Disinfection of urban effluents using solar TiO2 photocatalysis: A study of significance of dissolved oxygen, temperature, type of microorganism and water matrix

Irene García-Fernández, Isabel Fernández-Calderero, María Inmaculada Polo-López, Pilar Fernandez-Ibanez

Research output: Contribution to journalArticlepeer-review

65 Citations (Scopus)


The enhancement of current technologies used to treat polluted water is one of the most importantchallenges in water research. The application of physico-chemical treatments could reduce the loadof chemical and biological pollutants present in WW reducing the pressure over water requirements,allowing the reclaim of the treated water. Advanced Oxidation Processes (AOPs) and, in particular, photo-catalysis using titanium dioxide (TiO2) have shown a great potential for chemicals removal as well as forpathogens reduction in water. Moreover, the use of solar Compound Parabolic Collectors (CPC) reactorshas been also shown to be very effective for water treatment purpose by solar photocatalysis. Neverthe-less, the effects of some key parameters in photocatalytic disinfection have not been already investigatedat pilot scale in solar reactors; like dissolved oxygen concentration, water temperature, water matrixcomposition and the type of microorganism. The roles of these parameters in photocatalytic processesare individually known for chemicals degradation, but their relative significance in water photocatalyticdisinfection has been never studied at pilot scale. The aim of this work was to investigate the influ-ence of these parameters on the disinfection efficiency using a solar 60 L-CPC reactor with suspendedTiO2(100 mg/L). The following variables were experimentally evaluated: injection of air in the reactor(160 L/h); different controlled temperatures (15, 25, 35 and 45◦C); two very different models of waterpathogen, Escherichia coli (model of fecal water contamination) and Fusarium solani spores (a highlyphytopathogenic fungus); and the chemical composition of the water comparing urban WW effluents(UWWE) and simulated urban WW effluent (SUWWE). The increase of water temperature (from 15to 45◦C) had a benefit on the disinfection rate for both pathogens in all the experimental conditionsevaluated. The air injection led to an important enhancement on the inactivation efficiency, which wasstronger for F. solani spores, the most resistant microorganisms to TiO2photocatalysis. The compositionof the water matrix significantly affected the efficiency of the photocatalytic treatment, showing a betterinactivation rate in SUWWE than for UWWE.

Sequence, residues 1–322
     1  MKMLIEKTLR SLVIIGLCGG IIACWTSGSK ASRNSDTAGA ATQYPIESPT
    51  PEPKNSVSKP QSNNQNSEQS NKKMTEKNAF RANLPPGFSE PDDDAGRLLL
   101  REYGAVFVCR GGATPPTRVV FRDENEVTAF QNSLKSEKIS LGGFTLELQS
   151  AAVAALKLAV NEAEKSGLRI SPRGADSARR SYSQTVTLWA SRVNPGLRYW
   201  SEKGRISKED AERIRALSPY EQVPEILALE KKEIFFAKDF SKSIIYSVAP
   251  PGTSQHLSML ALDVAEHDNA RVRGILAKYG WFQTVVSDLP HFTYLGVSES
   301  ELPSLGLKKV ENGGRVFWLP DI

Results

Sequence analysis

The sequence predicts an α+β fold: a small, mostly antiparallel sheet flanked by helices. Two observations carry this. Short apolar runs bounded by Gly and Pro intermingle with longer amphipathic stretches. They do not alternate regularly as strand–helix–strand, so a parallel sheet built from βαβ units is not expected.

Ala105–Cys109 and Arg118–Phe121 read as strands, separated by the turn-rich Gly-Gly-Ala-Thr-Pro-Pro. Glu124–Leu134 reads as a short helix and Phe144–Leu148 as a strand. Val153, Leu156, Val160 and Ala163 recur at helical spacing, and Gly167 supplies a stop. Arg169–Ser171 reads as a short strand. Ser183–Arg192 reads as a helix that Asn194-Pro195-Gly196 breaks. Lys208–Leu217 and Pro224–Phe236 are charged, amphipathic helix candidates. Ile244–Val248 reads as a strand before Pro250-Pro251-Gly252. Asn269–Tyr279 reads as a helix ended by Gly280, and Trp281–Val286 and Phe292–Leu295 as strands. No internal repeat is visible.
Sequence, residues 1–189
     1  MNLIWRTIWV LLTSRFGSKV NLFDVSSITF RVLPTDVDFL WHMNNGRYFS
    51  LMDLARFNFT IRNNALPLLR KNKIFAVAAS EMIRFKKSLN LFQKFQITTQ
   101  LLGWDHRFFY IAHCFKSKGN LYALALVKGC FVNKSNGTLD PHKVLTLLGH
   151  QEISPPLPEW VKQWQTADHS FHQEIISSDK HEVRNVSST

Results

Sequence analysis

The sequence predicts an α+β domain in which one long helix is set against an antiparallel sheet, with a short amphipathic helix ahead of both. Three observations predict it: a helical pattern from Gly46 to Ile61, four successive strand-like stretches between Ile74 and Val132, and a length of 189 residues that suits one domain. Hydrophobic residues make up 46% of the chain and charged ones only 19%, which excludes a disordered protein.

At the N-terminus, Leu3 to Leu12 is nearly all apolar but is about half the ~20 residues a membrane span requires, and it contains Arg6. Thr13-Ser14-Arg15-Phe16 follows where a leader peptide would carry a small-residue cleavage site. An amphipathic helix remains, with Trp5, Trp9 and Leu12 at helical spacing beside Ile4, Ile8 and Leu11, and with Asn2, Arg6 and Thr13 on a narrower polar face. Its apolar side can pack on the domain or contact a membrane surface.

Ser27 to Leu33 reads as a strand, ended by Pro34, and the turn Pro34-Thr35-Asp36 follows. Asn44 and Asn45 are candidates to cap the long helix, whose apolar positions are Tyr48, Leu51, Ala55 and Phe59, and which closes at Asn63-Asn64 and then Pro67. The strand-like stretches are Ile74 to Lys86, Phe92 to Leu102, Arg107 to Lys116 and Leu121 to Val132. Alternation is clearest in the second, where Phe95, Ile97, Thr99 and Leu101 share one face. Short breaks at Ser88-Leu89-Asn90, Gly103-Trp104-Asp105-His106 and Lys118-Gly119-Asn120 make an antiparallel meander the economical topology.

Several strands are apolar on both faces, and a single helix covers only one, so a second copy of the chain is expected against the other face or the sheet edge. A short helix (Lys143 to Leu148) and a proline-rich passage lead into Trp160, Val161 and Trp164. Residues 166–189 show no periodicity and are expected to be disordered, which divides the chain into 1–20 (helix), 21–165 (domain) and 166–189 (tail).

Original languageEnglish
Pages (from-to)30-38
JournalCatalysis Today
Early online date13 Apr 2014
Publication statusE-pub ahead of print - 13 Apr 2014


  • Fusarium solani
  • Escherichia coli
  • TiO2 photocatalysis
  • WW treatment
  • Temperature
  • Dissolved oxygen


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